The internet giant said on its blog that the programme was designed to reward those who contributed to making the internet a safer environment.
"The goal is very simple: To recognise and reward proactive security improvements to third-party open-source projects that are vital to the health of the entire internet," wrote Michal Zalewski of the Google Security Team.
The rewards range from $500 to $3 133.70 and Google was careful to point out that the expanded list of projects included would be rewarded solely at the discretion of the maintainers of the project.
The company also wants to avoid the situation of a bounty resulting in a flood of submissions that may overwhelm the project managers.
Google said that the rewards were flexible and unclaimed rewards would be donated to charity.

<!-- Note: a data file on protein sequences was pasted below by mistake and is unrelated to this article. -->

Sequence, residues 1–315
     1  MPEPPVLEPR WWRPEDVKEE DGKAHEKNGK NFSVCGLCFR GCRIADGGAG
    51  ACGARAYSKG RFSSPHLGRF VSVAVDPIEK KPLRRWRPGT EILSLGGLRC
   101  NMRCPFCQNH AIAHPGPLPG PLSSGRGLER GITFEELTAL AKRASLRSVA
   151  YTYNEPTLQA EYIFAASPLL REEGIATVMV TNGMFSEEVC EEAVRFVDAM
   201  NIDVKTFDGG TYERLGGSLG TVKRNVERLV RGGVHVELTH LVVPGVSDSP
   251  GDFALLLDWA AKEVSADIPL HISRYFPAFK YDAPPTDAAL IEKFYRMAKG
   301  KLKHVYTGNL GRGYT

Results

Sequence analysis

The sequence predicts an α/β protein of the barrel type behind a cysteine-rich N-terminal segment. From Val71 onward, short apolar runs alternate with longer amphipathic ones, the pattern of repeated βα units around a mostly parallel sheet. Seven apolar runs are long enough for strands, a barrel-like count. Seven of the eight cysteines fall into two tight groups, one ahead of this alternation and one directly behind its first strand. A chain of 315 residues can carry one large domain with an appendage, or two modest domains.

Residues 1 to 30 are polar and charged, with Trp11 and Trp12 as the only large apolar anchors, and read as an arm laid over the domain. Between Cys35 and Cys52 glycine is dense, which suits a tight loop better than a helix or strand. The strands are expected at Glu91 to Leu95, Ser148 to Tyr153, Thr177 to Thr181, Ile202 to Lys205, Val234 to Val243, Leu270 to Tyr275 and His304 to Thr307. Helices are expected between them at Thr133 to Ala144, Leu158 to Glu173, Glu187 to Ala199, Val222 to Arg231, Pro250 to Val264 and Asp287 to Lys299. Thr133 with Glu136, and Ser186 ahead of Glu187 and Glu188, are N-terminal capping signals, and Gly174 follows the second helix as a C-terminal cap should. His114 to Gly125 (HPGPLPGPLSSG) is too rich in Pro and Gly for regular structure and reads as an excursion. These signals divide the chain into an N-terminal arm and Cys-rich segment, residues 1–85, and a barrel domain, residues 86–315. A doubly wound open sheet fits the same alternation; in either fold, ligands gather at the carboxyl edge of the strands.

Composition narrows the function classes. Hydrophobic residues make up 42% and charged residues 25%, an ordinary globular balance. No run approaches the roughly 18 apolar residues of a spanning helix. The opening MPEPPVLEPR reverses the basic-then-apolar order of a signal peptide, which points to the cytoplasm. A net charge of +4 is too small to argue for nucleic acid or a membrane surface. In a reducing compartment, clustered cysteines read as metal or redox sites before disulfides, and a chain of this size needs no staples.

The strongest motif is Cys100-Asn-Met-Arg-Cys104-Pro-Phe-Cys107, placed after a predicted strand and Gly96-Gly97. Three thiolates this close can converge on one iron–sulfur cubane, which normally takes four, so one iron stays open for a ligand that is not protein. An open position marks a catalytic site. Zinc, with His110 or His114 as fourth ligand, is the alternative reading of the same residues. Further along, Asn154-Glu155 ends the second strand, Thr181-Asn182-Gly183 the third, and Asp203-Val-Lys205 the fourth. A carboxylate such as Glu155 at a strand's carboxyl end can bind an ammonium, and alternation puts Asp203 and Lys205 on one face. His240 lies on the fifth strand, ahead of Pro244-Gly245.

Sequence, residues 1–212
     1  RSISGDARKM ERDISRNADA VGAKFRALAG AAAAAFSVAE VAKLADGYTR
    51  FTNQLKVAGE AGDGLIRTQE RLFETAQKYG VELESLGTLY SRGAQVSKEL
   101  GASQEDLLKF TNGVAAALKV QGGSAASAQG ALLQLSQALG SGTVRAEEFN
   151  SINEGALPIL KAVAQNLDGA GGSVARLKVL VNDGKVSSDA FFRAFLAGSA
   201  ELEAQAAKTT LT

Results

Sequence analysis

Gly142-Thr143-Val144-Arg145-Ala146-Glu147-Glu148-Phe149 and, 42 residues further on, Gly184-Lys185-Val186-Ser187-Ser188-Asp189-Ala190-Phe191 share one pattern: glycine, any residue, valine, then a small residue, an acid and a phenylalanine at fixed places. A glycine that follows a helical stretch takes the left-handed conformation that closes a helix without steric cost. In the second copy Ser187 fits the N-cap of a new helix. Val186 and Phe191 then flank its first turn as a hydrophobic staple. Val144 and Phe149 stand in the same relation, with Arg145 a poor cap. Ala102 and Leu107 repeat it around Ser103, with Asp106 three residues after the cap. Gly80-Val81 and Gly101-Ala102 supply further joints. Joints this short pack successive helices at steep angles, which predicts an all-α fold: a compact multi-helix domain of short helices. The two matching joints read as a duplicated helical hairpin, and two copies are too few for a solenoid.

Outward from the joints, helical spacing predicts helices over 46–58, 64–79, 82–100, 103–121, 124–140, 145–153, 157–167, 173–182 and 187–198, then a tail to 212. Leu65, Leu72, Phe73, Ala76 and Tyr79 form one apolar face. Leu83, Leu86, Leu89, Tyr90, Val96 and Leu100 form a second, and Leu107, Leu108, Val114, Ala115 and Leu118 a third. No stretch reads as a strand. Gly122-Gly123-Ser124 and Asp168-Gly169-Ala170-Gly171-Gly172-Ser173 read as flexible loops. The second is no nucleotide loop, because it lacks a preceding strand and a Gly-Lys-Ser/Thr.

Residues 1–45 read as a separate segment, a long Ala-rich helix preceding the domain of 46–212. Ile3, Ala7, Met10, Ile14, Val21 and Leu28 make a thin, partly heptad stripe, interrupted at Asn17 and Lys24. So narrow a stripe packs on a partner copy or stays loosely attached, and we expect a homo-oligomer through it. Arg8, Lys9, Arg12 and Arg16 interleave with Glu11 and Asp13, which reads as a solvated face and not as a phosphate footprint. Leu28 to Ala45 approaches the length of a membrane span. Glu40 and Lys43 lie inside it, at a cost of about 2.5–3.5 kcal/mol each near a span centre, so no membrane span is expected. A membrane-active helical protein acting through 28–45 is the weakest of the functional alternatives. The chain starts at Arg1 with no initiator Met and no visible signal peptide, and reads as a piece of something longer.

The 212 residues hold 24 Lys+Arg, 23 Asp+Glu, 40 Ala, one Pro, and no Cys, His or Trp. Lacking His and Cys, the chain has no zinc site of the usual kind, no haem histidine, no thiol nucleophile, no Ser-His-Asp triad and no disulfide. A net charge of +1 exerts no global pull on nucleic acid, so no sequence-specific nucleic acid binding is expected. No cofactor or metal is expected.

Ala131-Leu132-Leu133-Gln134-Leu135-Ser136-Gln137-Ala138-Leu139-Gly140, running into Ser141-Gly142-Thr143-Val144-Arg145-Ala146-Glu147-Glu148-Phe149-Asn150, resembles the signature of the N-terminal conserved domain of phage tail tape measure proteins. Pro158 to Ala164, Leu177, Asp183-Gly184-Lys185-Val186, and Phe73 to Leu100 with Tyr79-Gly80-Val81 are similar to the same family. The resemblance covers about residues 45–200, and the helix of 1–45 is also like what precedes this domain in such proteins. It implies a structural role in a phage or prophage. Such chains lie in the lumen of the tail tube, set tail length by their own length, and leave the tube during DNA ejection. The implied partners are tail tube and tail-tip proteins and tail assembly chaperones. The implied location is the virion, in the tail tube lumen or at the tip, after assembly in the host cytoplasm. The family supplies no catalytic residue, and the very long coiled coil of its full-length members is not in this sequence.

"We may choose higher rewards for unusually clever or complex submissions; we may also split the reward between the submitter and the maintainers of the project in cases where the patch required a substantial additional effort on behalf of the development team."
Critically, Google said that it would not allow submissions from countries on the US sanctions list (Cuba, North Korea; Iran, among others) and was careful to insist that the programme was not a competition.
"You should understand that we can cancel the program at any time and the decision as to whether or not to pay a reward has to be entirely at our discretion," Google said.
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